I sometimes think of the ego as some grotesque, ravenous beast prowling somewhere in the dark recesses of our minds. It demands nourishment, and all too often it extends its rancid, long fingered talons towards us, expecting our compliance. Yet, it is never appeased long enough before the temptation to feed it just one last scrap triggers the cycle once more. Simply put, the egocentric hysteria that seems to have gripped society perplexes me. With the ground breaking pandemonium that is social media, I find that it concerning that it is becoming normalised to publicise every minute thought that materialises in our minds on a daily basis.
That it is has been rendered commendable to rummage through the haphazard catalogue of our memories to find some highlight of the days monotonous proceedings is a curious thing. The pessimist in me feels that an introvert who attempts to penetrate this extroverted focused activity is hopelessly naive; to do so is akin to a wildebeest calf scampering into a lion’s den and expecting any other outcome than to become their next meal. However, perhaps social media’s greatest defect is its often false representation of the world in which we live in. Like a film that emotionally resonates with you long after the credits have rolled, social technology can have a similar effect on people who suffer with depression. The major difference being the complete lack of ending credits or anything else to signify that it is time to return to the real world. Instead, this illusory world interlaces itself with what we interpret as the reality until it is near impossible to discern one from the other.
The result of all this is an unsettling distortion in the way in which someone with a mental illness perceives life. They scroll through their Facebook feed and begin to believe that the sea of untroubled and carefree faces confronting them is representative of what existence means for the vast majority of people. This in turn leads them to engender feelings of envy and self loathing, as they do not understand why such bliss is denied to them, even if what they desire is in fact nothing more than a fictional story of someone else’s making. This, of course, is rooted in the irrational nature of mental illness and only ever succeeds in toppling any remnant of self confidence an individual may have previously had.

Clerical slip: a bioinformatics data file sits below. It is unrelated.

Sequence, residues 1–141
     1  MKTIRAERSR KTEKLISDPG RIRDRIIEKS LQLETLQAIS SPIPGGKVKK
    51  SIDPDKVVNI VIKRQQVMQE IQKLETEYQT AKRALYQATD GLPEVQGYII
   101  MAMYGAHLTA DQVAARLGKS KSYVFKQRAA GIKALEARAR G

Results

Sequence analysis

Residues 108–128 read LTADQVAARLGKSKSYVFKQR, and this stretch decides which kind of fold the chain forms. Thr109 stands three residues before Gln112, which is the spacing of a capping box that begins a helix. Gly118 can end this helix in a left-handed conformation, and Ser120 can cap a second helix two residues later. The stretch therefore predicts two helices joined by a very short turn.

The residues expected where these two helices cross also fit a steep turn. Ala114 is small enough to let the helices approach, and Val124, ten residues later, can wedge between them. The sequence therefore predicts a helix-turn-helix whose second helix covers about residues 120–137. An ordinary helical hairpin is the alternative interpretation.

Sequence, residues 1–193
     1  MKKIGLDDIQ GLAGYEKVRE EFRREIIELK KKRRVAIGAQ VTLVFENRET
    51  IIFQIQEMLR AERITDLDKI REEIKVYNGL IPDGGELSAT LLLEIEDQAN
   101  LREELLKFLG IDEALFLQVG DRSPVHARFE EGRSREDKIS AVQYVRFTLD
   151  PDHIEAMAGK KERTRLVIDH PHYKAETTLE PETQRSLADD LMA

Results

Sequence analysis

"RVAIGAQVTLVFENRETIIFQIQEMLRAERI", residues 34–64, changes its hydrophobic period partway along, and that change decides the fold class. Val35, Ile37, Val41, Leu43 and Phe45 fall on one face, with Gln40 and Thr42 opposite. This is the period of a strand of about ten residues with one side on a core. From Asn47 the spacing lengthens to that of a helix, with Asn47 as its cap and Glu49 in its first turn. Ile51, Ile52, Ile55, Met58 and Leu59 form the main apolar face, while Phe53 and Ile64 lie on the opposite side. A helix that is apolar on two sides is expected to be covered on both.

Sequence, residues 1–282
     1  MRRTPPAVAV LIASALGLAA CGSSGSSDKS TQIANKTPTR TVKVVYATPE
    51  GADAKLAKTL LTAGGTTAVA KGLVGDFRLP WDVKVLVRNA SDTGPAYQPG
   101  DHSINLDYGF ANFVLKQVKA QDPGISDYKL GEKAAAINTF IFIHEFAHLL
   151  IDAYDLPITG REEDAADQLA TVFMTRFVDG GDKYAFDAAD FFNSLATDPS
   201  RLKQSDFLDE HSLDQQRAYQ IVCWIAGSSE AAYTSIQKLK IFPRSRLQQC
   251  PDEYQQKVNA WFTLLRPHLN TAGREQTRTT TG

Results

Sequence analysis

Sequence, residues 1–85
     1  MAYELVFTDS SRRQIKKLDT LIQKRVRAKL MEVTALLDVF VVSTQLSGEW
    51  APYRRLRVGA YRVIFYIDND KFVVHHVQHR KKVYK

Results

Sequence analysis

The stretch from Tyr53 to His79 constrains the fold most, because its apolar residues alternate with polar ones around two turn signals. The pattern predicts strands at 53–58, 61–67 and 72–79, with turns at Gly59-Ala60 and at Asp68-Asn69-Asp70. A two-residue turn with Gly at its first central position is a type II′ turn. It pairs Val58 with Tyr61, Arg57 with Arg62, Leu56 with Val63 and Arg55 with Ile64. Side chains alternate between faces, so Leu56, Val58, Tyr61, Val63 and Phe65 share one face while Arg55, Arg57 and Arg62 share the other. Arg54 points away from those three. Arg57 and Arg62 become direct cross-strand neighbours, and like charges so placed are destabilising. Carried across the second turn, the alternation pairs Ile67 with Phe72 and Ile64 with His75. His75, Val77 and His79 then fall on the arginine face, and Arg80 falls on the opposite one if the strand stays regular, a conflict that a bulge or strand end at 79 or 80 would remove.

Of course, I acknowledge that I am guilty of caving in to my own egocentricity by writing this blog. While I like to think that I am doing it for altruistic reasons, I do not deny that I get a misplaced sense of my own importance as I stand upon this pedestal embellished with ornately placed carvings of my own personal ‘highlights’. Obviously it would be nonsensical to suggest that social media is this all pervading evil that has no benefit for our future. There is room for acceptance that like it or not, this is the way the modern world functions. It is, after all, because of this technology that I am able to have a voice in which I can express myself!
Perhaps then, it is wise to exercise caution when it comes to attempting to integrate social media into our lives. Yes, it is a staple mark of the time in which we live, but that does not mean that it has to encompass every aspect of life itself. In the past, I have bought into these unreliable narrations created by others. It is only by limiting the amount of time I spend using social media and by going out and doing what gives me personal satisfaction, I am beginning to see these ‘highlights’ for what they really are – a projection of a life that is idealistic in nature, yet unattainable in practice.
Emotional support helplines:
Samaritans :116 123
Rethink Mental Illness advice line 0300 5000 927 (Monday to Friday 09:30-16:00; local rate)
Sane Line:0845 767 8000
Mind also has a useful guide of support and services, which can be found by clicking the link right here